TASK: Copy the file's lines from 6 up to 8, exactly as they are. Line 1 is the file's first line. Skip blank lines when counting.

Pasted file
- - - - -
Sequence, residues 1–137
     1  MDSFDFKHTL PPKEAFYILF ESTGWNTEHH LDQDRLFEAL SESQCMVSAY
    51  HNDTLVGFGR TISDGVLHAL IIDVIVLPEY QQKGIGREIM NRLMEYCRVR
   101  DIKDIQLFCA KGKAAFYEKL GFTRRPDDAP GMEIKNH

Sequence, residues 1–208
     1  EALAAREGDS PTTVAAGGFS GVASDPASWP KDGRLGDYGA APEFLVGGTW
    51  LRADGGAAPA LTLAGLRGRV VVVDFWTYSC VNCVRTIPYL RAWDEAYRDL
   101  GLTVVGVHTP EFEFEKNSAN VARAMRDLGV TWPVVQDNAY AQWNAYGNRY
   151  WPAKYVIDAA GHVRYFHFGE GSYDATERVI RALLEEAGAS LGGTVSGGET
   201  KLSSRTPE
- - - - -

     1  EALAAREGDS PTTVAAGGFS GVASDPASWP KDGRLGDYGA APEFLVGGTW
    51  LRADGGAAPA LTLAGLRGRV VVVDFWTYSC VNCVRTIPYL RAWDEAYRDL
   101  GLTVVGVHTP EFEFEKNSAN VARAMRDLGV TWPVVQDNAY AQWNAYGNRY